Music » Music Stories & Interviews

From Russia, with tunes



During the Red Scare of the '50s, people were afraid that communist Russia was planning a secret attack on America. Some saw an infiltration of spies in the White House. Others feared total annihilation courtesy of the atomic bomb, while cynics, stabbing a little closer to the bone, suggested that Coke was Russia's ingenious and insidious plan to wipe us out. None, however, could have predicted that the next generation of Krushchev's youth would boil the essence of American rock & roll down to one word, Elvis, and send him back to conquer America.

Meet The Red Elvises, three Russian musicians and one American drummer who, among them, sport bright-red hair, wear bright-red suits and play authentic American rockabilly with elements of gypsy folk music on huge guitars. The Red Elvises -- Igor Yuzov, guitar; Oleg Bernov, bass; Zhenya Kolykhanov guitar and balalaika; and drummer Avi Sills -- sing in English and Russian, and during their show the pompadoured King (played by Yuzov) dances on table tops.

From an Oklahoma hotel room, Kolykhanov and Sills are attempting to explain the band's Elvis obsessions.

"In Russia I was introduced to a fat, Las Vegasy Elvis and I just wasn't getting it. There were no punchy lines, no guitars, nothing," says the classically trained Kolykhanov, who prefers heavy metal. "But when I moved to the U.S. I discovered the vintage Elvis through records and documentaries. This made our search for a name quite simple. We just picked an icon that most Americans can relate to."

The Red Elvises formed in 1996 when Yuzov and Bernov pulled out of their Russian folk & rock band Limpopo. Despite winning on Star Search in '93, performing on a Kit-Kat TV commercial and putting out two albums, Limpopo wasn't reaching a mass audience.

When Sills joined, The Red Elvises were making their living playing on the streets. Sills, who was born in Austin and raised by a hippie rabbi/civil-rights-activist father in a Mendocino commune, approached with caution.

"I questioned how we were going to make any money doing this. But after the first record ("Grooving to the Moscow Beat") came out, we took to the streets in Santa Monica and pulled in like $1,200 a day," Sills says.

Kolykhanov has more experience at busking. He and Bernov, friends since the age of 17 when they both lived in Voledga and played in underground bands, often took their music to the streets.

"In Russia there is pretty much one -- white -- audience. You make a remark and you know what the response will be. In the United States the crowds are so (ethnically) mixed. All the time we are playing for blacks, Chinese, who knows. The people here are much more into our show," says Kolykhanov.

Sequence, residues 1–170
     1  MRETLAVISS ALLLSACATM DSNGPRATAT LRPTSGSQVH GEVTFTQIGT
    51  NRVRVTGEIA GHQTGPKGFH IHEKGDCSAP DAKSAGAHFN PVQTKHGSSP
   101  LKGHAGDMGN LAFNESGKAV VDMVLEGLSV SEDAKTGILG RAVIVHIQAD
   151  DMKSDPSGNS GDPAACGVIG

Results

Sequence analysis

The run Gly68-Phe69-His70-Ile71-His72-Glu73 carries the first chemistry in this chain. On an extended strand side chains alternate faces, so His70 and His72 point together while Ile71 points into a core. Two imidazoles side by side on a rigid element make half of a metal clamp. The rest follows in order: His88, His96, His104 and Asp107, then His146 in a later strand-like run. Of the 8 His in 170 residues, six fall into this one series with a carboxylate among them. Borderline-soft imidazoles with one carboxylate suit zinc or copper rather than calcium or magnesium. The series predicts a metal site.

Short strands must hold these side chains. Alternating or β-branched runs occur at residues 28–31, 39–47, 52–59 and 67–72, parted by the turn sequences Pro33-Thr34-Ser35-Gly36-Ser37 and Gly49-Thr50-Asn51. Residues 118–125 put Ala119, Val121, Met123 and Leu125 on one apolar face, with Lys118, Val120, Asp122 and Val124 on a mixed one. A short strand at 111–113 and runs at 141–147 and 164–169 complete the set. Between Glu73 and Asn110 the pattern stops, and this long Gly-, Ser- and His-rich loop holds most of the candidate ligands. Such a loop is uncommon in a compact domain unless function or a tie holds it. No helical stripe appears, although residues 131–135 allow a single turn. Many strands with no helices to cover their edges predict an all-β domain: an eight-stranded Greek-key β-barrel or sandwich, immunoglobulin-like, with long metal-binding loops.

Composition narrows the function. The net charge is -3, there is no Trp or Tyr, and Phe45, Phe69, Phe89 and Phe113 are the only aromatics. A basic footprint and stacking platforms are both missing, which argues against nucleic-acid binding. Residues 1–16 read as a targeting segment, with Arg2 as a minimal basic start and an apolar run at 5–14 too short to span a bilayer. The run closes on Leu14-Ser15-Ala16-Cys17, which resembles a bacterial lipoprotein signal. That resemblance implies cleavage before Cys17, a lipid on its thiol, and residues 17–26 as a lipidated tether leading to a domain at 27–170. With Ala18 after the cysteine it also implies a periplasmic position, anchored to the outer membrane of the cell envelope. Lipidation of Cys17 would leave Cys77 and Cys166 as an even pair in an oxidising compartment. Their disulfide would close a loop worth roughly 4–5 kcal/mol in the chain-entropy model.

Educated in Western pop music by records purchased on the black market, Kolykhanov recalls: "In the old days it was really bad. Bikers ran the black market. You would go to where they were camping out and ask for things in code. For (Van Halen) you ask, 'Do you have V.H.?' And the guy would ask his price in code, too. 'Five zerahs for V.H.'

"Then it got to be more like visiting a drug dealer. You'd go to a guy's house and you would need a password to get in. But the selection was better. There would be Led Zeppelin or AC/DC or Metallica and a choice of the original European pressings or a cheaper Bulgarian reprint."

After their second album, "Surfing In Siberia," the Red Elvises released "I Wanna See You Bellydance," on their own Shooba-Doobah label last year and appeared on the "Penn & Teller" show to promote it. That same year The Red Elvises were also recruited by director Lance Mungia to appear in his minimalist, martial-arts film "Six String Samurai." Shot in Death Valley, the band appears in the Jeffrey Falcon-starring movie and is featured heavily on the soundtrack.

Says Sills, "Lance was going to write the movie based on the image of our band. He thought we fit right in with the swords and martial-arts concept."

"That is a scary thought if the movie is based on our music," adds Kolykhanov, who composes most of The Red Elvises' tunes. "It is great that they picked 'Love Pipe' for the main theme. But I think they put way too many songs in the movie."

Leaving the desert sands, The Red Elvises are again plying their trade from Oklahoma to Orlando behind the new record, "Better Than Sex." And despite a turn toward swing, Kolykhanov says the band's trademark sounds -- Russian gypsy music -- can still be heard blended into the melodies on the new songs "Wild Man" and "Joint Was Jumping."

"We make sure this kind of ethnic scale is always in our music," Kolykhanov assures.

Sills, faking a Russian accent, gets the last word: "It's little diff-rent flavor. Base-ik-lee vee are yust Boris Yeltsin's answer to zha Spice Girls."

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